"traverses"  the  data base.  A qualified DELETE recursively traverses
the data base, FIND NEXT with a  non-null  record-name  traverses  the
data  base,  and  FIND OWNER traverses the data base.  In these cases,
ERROR-RECORD will be the record type of the last record operated upon.

ERROR-SET will be blanks unless at least one set  operation  has  been
started  at  the  time  of  the  exception.   Each  of  the  following
constitutes a set  operation:   FIND  NEXT/PRIOR/OWNER  OF  SET,  each
auto-insert  during a STORE, each actual insert during an INSERT, each
remove in a  REMOVE  and  each  auto-remove  in  a  DELETE,  and  each
resorting of a set occurrence during a MODIFY.
DBMS5.DOC                                                      Page 14  Classes  of  Exceptions -   There  are  several  classes   of
exceptions  explicitly  defined.   ALL  is  of  course  all  the valid
statement-code/exception-code  combinations,   SYSTEM   is   all   the
exceptions  with  a  code  greater  than  or  equal to 55.  The SYSTEM
exceptions are discussed  in  some  detail  in  the  next  subsection,
Failsofting.    The  other  defined  classes  are  partitions  of  the
statement-codes, which are:

     STATEMENT               CODE
     HOST                     00
     CLOSE                    01
     DELETE                   02
     FIND                     03
     UNUSED                   04
     GET                      05
     UNUSED                   06
     INSERT                   07
     MODIFY                   08
     OPEN                     09
     UNUSED                   10
     REMOVE                   11
     STORE                    12
     RESERVED                 13
     RESERVED                 14
     BIND                     15
     CALL                     16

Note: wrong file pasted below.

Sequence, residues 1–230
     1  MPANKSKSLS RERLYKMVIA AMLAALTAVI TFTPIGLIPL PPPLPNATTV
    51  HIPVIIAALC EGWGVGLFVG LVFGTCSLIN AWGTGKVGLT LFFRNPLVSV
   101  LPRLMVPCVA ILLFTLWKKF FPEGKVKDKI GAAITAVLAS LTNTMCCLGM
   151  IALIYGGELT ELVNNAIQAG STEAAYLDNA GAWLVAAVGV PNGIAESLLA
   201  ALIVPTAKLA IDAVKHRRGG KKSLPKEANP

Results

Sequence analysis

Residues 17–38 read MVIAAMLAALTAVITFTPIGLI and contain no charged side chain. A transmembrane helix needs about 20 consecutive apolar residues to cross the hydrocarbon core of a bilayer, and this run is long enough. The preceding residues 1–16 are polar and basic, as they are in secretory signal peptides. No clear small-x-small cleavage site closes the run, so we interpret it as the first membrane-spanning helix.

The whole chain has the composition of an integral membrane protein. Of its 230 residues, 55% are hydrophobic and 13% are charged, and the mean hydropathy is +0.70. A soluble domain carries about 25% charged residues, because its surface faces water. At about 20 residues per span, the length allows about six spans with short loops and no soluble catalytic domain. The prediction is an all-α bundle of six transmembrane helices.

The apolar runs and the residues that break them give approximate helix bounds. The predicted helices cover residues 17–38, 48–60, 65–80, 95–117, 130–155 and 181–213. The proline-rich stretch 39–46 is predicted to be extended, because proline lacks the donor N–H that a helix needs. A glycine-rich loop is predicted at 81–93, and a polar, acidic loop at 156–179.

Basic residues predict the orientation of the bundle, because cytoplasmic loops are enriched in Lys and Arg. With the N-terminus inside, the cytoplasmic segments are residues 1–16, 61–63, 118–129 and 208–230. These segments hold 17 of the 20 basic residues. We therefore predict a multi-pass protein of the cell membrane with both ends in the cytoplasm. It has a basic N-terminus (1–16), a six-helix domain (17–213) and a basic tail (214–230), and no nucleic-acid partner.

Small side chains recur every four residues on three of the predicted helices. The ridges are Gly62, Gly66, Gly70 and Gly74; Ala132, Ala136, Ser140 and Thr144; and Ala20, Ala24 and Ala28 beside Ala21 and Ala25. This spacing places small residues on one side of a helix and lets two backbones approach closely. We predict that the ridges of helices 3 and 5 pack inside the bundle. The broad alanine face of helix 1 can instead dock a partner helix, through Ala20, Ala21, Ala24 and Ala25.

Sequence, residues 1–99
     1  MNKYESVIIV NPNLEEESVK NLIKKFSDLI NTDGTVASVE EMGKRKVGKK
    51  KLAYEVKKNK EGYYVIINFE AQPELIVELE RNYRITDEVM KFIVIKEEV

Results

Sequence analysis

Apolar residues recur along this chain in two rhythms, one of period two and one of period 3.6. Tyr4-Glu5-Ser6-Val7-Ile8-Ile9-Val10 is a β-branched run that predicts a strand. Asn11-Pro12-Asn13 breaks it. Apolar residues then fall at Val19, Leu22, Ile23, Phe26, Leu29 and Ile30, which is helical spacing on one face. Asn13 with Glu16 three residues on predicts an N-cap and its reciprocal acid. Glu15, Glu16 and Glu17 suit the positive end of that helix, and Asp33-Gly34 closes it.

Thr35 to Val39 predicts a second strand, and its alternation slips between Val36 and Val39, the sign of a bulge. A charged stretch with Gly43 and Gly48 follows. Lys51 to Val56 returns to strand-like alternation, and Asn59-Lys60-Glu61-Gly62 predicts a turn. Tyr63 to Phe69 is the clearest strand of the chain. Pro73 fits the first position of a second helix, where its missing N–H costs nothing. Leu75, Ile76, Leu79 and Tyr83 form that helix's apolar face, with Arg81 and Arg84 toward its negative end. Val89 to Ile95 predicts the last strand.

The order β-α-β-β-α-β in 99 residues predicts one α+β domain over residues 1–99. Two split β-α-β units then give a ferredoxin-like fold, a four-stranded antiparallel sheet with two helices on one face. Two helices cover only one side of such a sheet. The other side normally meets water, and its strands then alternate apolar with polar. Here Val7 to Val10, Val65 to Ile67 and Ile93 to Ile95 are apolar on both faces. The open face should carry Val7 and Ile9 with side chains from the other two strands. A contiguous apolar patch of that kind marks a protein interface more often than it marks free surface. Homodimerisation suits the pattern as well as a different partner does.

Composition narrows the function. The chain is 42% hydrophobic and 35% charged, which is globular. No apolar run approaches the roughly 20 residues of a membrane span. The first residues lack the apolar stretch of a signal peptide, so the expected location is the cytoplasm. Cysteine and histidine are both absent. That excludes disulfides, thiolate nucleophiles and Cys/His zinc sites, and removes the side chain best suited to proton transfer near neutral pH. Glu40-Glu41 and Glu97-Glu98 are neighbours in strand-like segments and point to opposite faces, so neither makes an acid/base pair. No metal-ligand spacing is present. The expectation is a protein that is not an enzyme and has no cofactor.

The HOST statement-code is associated with the IF predicates  and  the
MOVE  STATUS  command.  The BIND statement-code is associated with the
SBIND,  BIND,  EBIND,  and  SETUSE  entry  points.   Also  note   that
exceptions  31 thru 36 can only be generated during binding.  The CALL
statement-code is associated with all of the DBCS  entry  points  that
are  explicitly  called  (ie.   the journaling entry points Jxxxxx and
SETDB and UNSET).  The  UPDATE  class  of  exceptions  refers  to  any
exception  that  happens  during  execution of DELETE, INSERT, MODIFY,
REMOVE or STORE. Failsofting -  V4 of DBCS attempts to guarantee two things  as
regards the execution of a run-unit.

First it operates on the assumption that a  critical  application  may
want  to  maintain  complete  control and never be returned to monitor
level against its will.  DBCS  serves  this  goal  by  associating  an
exception code with all the exceptional conditions that it detects--it
never does an EXIT that  the  user  did  not  request  (the  INTERCEPT
facility  is  a  means  of  requesting  EXITs).   This  rule is broken
precisely once:  to place a value in ERROR-STATUS, DBCS must have been
associated  with  a sub-schema--consequently if the first call to DBCS
is at other than SBIND, it types the ?DBSSNI message and exits.

Secondly it attempts to guarantee that no one  accesses  a  data  base
while it or DBCS is in an undefined state.
DBMS5.DOC                                                      Page 15

One aspect of this control is the area-status-record (ASR),  which  is
created the first time an area is OPENed (and always has a dbkey equal
to first-page/1).  When an area is OPENed for update, DBCS  decrements
by  1  FH.STAT  in  the ASR to indicate that the area is in a state of
flux.  FH.STAT is not incremented by 1 until the programmer closes the
area.   If  the run-unit aborts for any reason, DBMEND must be used to